Ways to block strangers from getting your data when you open an email
By now you probably know that browsing the web leaves you open to tracking by Internet service providers, website operators and advertisers. But less well known is that you can be tracked simply by opening an email. Merely clicking or tapping to pen a message can transmit to the sender not only that you opened I, but also where you were when you did so and on what device, among other things.
The technology has been used by email marketers and Nigerian fraudsters for more than a decade. But more recently, it has become a tool used by employers, sales people, bill collectors, lawyers, political candidates, nonprofit fund-raisers and maybe also that guy you met at a bar and regrettably gave your contact information to.
Here’s how it works: The sender of the email embeds a so-called web bug or pixel tracker into the content of the message or possible inside an attached PDF, Word or PowerPoint. These bugs are 1-by-1 pixel images (tinier than tiny), which are invisible to the recipient. When the email or document is opened, the bug triggers your device to contact the sender’s server and convey all sorts of information.
“What it does is lure you into an online environment and the collection that goes on there without alerting your that it’s happening,” said Ryan Calo, a professor of law at the University of Washington Law School in Seattle who specializes in privacy issues.
There are some things you can do to avoid having your email activity monitored. Perhaps the easiest defense is to adjust the settings of your email program so there is no image rendering.
It used to be set that way by default but last year, in a boon to marketers, Gmail made the setting an opt-out feature and many other email providers followed suit.
Disable images will sift and block images from incoming emails, including those tiny, pixel-size tracking bugs. You can click on the missing images you want to see and which ones you don’t.
“A more advanced technique is to construct a personal firewall that blocks images,” said Gerald Friedland, director of audio and multimedia research at the International Computer Science Institute at the University of California, Berkeley.
Or, he said, you could simply turn off your Wi-Fi while opening and reading email messages. This, of course, assumes you aren’t checking your email on your provider’s website but rather using a retrieval program like Apple Mail or Outlook.
And don’t click on any attachment while connected, nor a link within the message, even if it’s the unsubscribe button. “The unsubscribe link is the most clicked item in emails, so it’s often what they use to track you,” said H.D. Moore, a senior researcher with the Internet security consultant Rapid7. “As soon as you click on it, they knew everything about you.”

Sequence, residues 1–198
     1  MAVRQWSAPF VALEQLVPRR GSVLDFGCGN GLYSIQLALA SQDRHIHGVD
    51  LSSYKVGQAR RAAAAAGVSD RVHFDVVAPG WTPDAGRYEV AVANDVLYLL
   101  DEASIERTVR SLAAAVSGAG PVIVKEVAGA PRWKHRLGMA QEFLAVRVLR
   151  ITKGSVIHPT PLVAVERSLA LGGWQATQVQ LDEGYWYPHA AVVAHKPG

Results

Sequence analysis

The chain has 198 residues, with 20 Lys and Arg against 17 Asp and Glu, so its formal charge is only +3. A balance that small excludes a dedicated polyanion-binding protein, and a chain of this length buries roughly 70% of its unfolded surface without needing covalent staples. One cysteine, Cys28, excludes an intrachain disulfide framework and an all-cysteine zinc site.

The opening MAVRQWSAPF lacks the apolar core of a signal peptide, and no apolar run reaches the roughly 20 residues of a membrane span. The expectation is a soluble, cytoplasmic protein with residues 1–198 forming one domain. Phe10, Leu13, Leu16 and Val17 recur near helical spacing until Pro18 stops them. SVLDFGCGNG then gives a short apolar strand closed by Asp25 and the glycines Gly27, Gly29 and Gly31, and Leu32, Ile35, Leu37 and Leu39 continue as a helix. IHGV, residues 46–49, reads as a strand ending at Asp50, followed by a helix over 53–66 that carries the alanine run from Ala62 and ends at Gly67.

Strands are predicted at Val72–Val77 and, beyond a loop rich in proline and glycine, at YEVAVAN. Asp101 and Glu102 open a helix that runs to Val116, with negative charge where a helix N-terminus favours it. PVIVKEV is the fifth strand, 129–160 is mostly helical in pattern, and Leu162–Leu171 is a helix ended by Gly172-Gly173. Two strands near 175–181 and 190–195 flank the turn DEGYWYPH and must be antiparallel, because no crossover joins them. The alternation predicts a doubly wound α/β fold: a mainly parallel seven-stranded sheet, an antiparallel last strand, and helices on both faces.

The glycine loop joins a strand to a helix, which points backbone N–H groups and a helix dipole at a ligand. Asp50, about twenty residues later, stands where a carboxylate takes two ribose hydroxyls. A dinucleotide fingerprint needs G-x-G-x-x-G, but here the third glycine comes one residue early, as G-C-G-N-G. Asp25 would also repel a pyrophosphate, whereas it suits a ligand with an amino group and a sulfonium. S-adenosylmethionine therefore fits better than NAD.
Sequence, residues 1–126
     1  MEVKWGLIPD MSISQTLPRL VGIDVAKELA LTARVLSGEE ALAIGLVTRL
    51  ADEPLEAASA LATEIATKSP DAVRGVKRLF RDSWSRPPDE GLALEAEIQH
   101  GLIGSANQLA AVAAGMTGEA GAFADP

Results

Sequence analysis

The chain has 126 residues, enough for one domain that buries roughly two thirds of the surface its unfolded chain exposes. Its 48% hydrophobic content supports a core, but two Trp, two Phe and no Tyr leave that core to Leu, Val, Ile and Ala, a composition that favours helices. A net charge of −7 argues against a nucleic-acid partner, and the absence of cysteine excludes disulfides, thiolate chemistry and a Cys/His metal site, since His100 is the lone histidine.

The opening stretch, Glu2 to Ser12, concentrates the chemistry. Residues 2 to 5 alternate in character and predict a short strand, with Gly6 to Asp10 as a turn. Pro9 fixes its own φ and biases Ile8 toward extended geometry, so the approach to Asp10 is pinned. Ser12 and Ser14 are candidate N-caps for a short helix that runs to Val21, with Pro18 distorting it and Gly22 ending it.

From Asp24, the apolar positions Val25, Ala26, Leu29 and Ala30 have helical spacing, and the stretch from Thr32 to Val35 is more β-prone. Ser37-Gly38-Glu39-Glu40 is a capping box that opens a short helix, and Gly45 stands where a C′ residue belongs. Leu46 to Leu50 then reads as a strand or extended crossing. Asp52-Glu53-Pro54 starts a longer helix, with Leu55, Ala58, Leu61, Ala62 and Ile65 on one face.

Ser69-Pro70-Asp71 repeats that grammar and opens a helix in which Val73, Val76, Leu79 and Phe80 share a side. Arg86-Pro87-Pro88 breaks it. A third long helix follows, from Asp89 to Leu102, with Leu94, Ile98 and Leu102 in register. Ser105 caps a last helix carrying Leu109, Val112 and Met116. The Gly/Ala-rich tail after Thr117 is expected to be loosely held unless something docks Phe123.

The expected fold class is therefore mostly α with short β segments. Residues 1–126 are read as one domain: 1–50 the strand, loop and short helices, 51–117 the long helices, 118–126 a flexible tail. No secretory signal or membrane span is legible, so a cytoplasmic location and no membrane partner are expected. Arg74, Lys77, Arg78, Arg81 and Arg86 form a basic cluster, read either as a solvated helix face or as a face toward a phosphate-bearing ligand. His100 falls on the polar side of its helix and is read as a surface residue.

The unsubscribe link is the most clicked item in emails, so it’s often what they use to track you.
Besides when, where and on what device you opened the message, an email sender can also tell how long you looked at the message and if you opened other windows while you had the message displayed.
Also transmitted is if you saved, forwarded or deleted the message, how many times you subsequently opened the message plus various details about your device’s operating system and settings.
Analysis of this kind of tracking data is a standard service offered by bulk email providers like Constant Contact, MailChimp or HubSpot. These companies facilitate sending emails to large mailing lists and generate tracking reports so their customers can assess how well their messages and received.
“If a business learns what email content resonates, then you’ll get better content,” said Gail Goodman, the chief executive of Constant Contact.
Indeed, email marketing services argue that the tracking actually helps recipients because senders use the data to craft more relevant messages as well as to determine the best viewing format and delivery time.
Sales people who track emails through services like Yesware and Tout-App say the practice allows them to call customers soon after they have opened messages, while the pitch is still fresh. Or perhaps they can conveniently bump into customers at Starbucks or drop by their office, where the sales person knows the customer just opened an email.
Within the last couple of years, mobile apps like Bananatag and MailTracker have made email tracking available to just about anyone. Email tracking apps and services, whether intended for professional or personal use, can cost up to $35 a month depending on the number of emails users want tracked and the details of the tracking data.
“People don’t have that same understanding when they open an email,” said Professor Calo at the University of Washington.
Author “Kate Murphy”